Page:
Often when I meet someone that has an idea for a web business they want to get started immediately working with a designer or developer. I usually suggest that the person spend more time planning in the beginning. They need to focus on the many questions that will help them outline the project before diving in.

Below are 6 important questions that I think everyone should ask themselves before making the decision to launch a web business.

How will you get your first round of customers? Do you have customers in mind already?

Before thinking about building the project you have to consider how you’ll actually get people to use it once it’s live. Even if you are building the most important application of the 21st Century people won’t simply flock to it by nature. You need marketing campaigns that will educate your audience and drive traffic.

How will you get their attention? How will you stand out in the market? Do you have the skills to do this? Do you feel confident that on your own you can figure out how to gain customers? 

If you have customers in mind already, you might benefit from working with them from the beginning. Using the LEAN Startup approach has proven to be very successful. If your not familiar with LEAN check out “LEAN Starup” by Eric Ries. The gist is to build a “minimum viable product” (something small but working) and hand it over to a customer for them to begin using. As they give you feedback you continue to improve the product based on their universal needs (things that all customers will need and or desire). Basically you are building the product to the specifications that your customer tells you are required. Then when it’s 100% you can start selling it to other customers. There are many benefits of doing this with one ore more customers.

What skills do you have that can be applied to the business and what do you need to outsource?

Now it’s time to be honest about what you can and what you can not do. If you are a mediocre developer, is it best to build something that may need to be rebuilt later, or is it best to hire an excellent developer now to get the job done? Can you effectively manage this project or do you need to hire someone that’s been through this before? Don’t lie to yourself. I’m all for being ambitious and taking on responsibility. Even taking on excessive responsibility can be admirable as long as you are capable of executing as this role. But don’t try to convince yourself that your a “INSERT ROLE” expert if in fact you’re not.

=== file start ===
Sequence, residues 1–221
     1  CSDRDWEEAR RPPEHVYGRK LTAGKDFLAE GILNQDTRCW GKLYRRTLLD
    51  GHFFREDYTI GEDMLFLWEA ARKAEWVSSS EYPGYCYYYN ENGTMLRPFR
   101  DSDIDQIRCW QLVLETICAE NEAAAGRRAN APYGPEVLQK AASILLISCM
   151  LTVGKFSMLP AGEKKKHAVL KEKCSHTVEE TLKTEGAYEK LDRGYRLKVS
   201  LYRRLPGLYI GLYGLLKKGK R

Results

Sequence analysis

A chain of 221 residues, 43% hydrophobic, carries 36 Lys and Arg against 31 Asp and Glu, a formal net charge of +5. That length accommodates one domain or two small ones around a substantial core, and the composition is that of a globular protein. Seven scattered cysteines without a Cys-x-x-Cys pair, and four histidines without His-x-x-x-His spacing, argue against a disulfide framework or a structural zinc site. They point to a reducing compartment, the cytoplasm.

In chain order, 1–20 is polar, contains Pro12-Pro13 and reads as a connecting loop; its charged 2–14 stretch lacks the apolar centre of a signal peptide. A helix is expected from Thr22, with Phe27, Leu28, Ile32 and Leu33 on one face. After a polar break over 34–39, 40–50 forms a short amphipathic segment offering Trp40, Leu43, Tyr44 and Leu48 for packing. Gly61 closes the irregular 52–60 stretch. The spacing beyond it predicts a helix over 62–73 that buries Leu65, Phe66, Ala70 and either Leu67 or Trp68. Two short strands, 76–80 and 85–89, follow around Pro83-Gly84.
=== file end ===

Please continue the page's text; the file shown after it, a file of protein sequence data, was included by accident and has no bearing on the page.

Do you intend on selling the company? Or will you run this business till it dies?

This is an important question to ask for several reasons. Some decisions you make from the very beginning should be based around your end-goal. If you are planning to build the company to sell, not only do you need to build something that customers want, you need to build something that a potential buyer would want. For instance, if you are planning to build to sell you’d want the web application to be built in a common and popular language like Ruby, Python or PHP. It’s not a good time to experiment with new frameworks or languages.

However, if you are planning to hold the company for as long as possible, then the focus is to get the product to market as quickly and inexpensively as possible so you can begin making a profit. Just be frugal and not cheap. There’s nothing worse than maintaining a terribly written legacy system that can’t scale.

Is there a need and desire for this product in the marketplace?

Another question to be honest with yourself about. If you are going to invest your time and money into this project, you’d better be certain that people will want to buy it. This is another good reason to have an initial customer and utilize the LEAN Startup approach.

What percentage of the company would you be willing to give up to bring it to life?

If you go the route of sharing ownership either with your investors or team members how much are you willing to give up. You want to avoid giving up more than 50% of the company so you can maintain control, but if you are going to get sweat equity investors to dump thousands of hours into this project you should be prepared to give up a good portion of that other 50%. If that sounds like a bad idea to you, then you need to start looking at what other resources you can gather to simply hire your team.

What defines success and failure

Make sure that you understand what your definition of project success is. You need to set goals and milestones for the project and analyze how the project is doing over time. If you want to have 20 customers and generating $20k in monthly revenue by month 18 but only have 10 customers that are generating $2500 in monthly revenue by that time is a sign that the project is failing? Or was it just poor planning and/or execution.


Having answers to these questions from the beginning is incredibly helpful. Later, when working knee deep in the project you will be so focused on the next round of features that you may lose sight of the business goals. The answers to these questions will keep you in check and will serve as great signals as to whether you should keep going, pivot, or close up shop.

Leave a comment

  • Are there other questions you ask yourself before getting started?
  • What are some other things to think about before diving in?
  • Do you read this and have further advice for folks about to launch a new project?

Leave your comments below. It’s great to keep the conversation going about these kinds of topics.

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